Tuesday, July 8, 2008

Is God Offended By African Christian Worship?

By Patrick Archbold

The editor of the Catholic Information Service for Africa, Henry Makori, reminds us about what liturgy is really all about. Us.
As an African Christian, one of my greatest joys is to listen to the Word of God proclaimed in my mother-tongue. To hear God speak in Ekegusii, to celebrate our indigenized mass, connects me to Pentecost.
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But the Church came attired in a foreign culture and spoke in a strange tongue. Soon, however, there was a new Pentecost. The missionaries working with Africans learnt local languages, wrote them down and translated the Scriptures, prayers and hymns. But the mass, or liturgy, remained in Latin, 'the language of the Church'.

Another Pentecost happened at the Second Vatican Council (1962-65). A new mass which allowed use of vernaculars was introduced. The faithful could also express themselves in worship according to local custom. The evolution of the mass in Africa since then has been tremendous!

Through unique songs, chants, dances, gestures, processions and other expressions inspired by our cultures, histories and geniuses, African Christians today worship God with their entire being! We can speak confidently of an African liturgy, essentially universal but enriched with our own distinctive responses to the invitation of Jesus Christ.

Not everyone is rejoicing with us, though. Visiting Kenya this March, the prefect of the Congregation for Divine Worship and Discipline of the Sacraments at the Vatican, Nigerian-born Cardinal Francis Arinze, spoke at length on liturgical abuses. He emphasized strict adherence to the norms of sacred worship set out in the official texts, which should be studied "in the original Latin editions." Cardinal Arinze has for some time been scandalized by liturgical "inventions of the fertile imagination".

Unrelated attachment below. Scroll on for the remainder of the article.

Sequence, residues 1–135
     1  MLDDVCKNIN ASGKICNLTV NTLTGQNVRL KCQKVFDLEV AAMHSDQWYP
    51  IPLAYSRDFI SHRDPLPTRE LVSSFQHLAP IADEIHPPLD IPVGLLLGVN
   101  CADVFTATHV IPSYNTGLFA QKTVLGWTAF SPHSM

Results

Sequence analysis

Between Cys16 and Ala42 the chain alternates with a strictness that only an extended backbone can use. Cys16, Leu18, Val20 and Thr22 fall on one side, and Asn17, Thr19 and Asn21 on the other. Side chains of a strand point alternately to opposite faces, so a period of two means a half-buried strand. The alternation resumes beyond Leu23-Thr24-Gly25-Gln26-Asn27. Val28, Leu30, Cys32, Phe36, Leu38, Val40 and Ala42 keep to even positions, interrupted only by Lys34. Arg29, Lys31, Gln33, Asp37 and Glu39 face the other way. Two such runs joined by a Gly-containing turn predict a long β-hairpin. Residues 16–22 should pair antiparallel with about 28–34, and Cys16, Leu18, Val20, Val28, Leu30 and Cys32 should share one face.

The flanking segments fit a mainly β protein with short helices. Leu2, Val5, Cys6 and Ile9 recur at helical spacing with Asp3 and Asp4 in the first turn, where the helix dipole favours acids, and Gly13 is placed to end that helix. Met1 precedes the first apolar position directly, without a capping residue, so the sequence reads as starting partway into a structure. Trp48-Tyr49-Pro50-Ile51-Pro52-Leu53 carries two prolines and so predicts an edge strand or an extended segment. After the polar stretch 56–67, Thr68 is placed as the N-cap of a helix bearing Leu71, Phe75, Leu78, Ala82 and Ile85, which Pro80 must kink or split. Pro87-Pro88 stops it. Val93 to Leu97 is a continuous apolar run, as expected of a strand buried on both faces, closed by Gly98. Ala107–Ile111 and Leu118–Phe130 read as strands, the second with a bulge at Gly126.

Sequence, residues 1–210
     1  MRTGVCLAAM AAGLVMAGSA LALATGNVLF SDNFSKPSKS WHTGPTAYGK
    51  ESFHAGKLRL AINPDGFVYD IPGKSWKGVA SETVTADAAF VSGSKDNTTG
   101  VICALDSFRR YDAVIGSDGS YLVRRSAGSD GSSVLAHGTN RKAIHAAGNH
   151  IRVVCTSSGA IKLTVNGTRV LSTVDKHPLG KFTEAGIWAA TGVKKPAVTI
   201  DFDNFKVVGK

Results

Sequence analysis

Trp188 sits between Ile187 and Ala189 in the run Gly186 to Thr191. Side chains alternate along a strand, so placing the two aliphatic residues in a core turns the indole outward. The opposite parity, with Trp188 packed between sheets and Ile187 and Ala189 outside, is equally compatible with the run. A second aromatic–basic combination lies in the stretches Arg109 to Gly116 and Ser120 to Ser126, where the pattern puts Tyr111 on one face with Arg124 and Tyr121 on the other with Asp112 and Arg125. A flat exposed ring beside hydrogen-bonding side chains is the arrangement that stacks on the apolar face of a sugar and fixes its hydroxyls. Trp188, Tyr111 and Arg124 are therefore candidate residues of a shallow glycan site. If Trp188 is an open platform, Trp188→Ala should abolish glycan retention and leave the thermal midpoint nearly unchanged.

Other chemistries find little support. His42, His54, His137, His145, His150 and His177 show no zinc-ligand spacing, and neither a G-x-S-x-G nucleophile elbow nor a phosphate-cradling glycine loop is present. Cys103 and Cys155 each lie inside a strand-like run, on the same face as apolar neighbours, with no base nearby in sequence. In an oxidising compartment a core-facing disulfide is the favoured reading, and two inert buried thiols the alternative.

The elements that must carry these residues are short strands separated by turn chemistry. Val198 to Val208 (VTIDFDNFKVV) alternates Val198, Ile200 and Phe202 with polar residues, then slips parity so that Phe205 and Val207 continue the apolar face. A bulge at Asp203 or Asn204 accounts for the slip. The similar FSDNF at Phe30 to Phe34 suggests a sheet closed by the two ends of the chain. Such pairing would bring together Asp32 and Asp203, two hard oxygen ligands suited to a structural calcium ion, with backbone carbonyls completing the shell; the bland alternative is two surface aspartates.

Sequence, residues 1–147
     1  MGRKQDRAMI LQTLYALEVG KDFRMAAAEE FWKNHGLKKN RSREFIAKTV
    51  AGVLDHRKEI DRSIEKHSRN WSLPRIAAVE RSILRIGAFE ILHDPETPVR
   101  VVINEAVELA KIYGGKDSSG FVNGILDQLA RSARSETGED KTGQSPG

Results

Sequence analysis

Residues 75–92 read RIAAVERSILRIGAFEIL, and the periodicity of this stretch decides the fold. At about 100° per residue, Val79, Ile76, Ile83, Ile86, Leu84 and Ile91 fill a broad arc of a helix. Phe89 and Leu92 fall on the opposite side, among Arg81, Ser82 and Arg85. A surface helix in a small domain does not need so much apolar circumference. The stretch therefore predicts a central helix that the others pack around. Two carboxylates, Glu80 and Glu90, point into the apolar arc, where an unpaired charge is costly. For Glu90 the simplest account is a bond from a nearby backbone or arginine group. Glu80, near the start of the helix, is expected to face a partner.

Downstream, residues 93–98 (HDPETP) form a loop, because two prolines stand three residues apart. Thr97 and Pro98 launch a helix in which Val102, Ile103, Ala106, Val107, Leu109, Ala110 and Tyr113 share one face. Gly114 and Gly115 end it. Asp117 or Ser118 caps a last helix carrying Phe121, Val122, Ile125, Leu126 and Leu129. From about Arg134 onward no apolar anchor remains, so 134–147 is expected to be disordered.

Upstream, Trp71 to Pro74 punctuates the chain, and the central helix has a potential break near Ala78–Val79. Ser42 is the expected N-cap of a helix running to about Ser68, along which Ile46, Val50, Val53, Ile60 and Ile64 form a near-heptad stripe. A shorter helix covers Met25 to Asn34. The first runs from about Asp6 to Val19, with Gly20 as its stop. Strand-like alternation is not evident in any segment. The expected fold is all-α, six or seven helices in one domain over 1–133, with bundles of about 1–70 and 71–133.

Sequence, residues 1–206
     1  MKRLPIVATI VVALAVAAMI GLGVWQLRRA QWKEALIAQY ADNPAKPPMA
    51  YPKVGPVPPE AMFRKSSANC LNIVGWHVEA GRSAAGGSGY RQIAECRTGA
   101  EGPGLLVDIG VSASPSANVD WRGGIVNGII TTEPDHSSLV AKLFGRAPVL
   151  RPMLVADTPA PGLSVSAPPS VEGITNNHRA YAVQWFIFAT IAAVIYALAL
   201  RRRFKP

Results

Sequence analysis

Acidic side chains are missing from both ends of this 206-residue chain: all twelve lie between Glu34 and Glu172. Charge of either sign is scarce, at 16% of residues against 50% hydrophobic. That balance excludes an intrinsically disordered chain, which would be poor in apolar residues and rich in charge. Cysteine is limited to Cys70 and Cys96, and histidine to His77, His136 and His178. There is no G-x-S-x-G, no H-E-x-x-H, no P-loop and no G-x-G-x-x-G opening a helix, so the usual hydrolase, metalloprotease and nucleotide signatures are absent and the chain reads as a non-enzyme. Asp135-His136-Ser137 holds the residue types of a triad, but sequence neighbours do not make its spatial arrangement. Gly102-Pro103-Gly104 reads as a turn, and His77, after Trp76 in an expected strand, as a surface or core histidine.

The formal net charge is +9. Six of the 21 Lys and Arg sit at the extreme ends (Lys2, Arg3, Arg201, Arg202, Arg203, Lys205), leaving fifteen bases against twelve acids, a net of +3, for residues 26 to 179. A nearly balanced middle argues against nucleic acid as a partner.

Saying, however, that the Church is a living entity - it "does not live in the Vatican Museum" - Arinze granted that the liturgy could be retouched in accordance with pastoral needs. But he proceeded to outline a veritably impossible procedure that basically discourages anyone from contemplating change to the rubrics.
Why the weeping and gnashing of teeth over this. Because of the fear of the return of the dreaded Gregorian Rite.
Arinze spoke months after Pope Benedict XVI allowed wide use of the hitherto restricted Latin (or Tridentine) liturgy of pre-Vatican II. Subsequently, the pope has praised the old mass. And last week, a senior Vatican official said the pope would like to see parishes around the world celebrate the Tridentine mass. Cardinal Castrillon Hoyos said the Vatican was writing to all seminaries to ask that future priests be trained to celebrate the old mass.

Looks like the authorities are generally unhappy with the evolution of the mass since Vatican II and want to return to the Latin liturgy. Will this not destroy our unique African liturgy that connects me to Pentecost? Or has God all these years been offended by our worship?
No, I don't think that God is offended by your worship over these years. However, he might be offended that you use such hyperbole and fear mongering to denigrate something that sanctified Catholics worldwide, including Africa, for 1500 years.

5 comments:

Dan Hunter said...

The late and holy Archbishop Lefebvre was a missionary bishop to Dakar who converted thousands offering the Gregorian Rite of Mass.

There are to this day, many holy African priests and Western Missionaries who offer the Gregorian Rite on the Dark Continent.
My family personally knows a Jesuit Missionary from Long Island NY, who has found that offering the Gregorian Mass in Nigeria has brought countless thousands into the Church.

Deo Gratias

Anonymous said...

And the fact that the mass is not "us" oriented but is supposed to bring us out of ourselves to something higher/God. And the fact that we really do not know how to say "no" to our every desire and whim...

Brian Kopp said...

I once heard a comment from an African missionary that "the Faith in Africa is as wide as the Nile -- and as deep as an oil slick."

Maybe ending liturgical abuses and false notions of inculturation will give the Catholic Faith in Africa a bit more depth.

Chironomo said...

Accepting the premise of "inculturation", that the Mass must be adapted to fit the "needs" of particular cultures will always lead to the kind of attitude expressed here. The problem is not how to proceed with inculturation, but whether to proceed with it at all.

Anonymous said...

You cannot stop inculturation. The translation of the Greek liturgy into Latin was itself an act of inculturation. The Roman liturgy draws even on language and attitudes of pagan Rome. The alternative to inculturation is fossilization.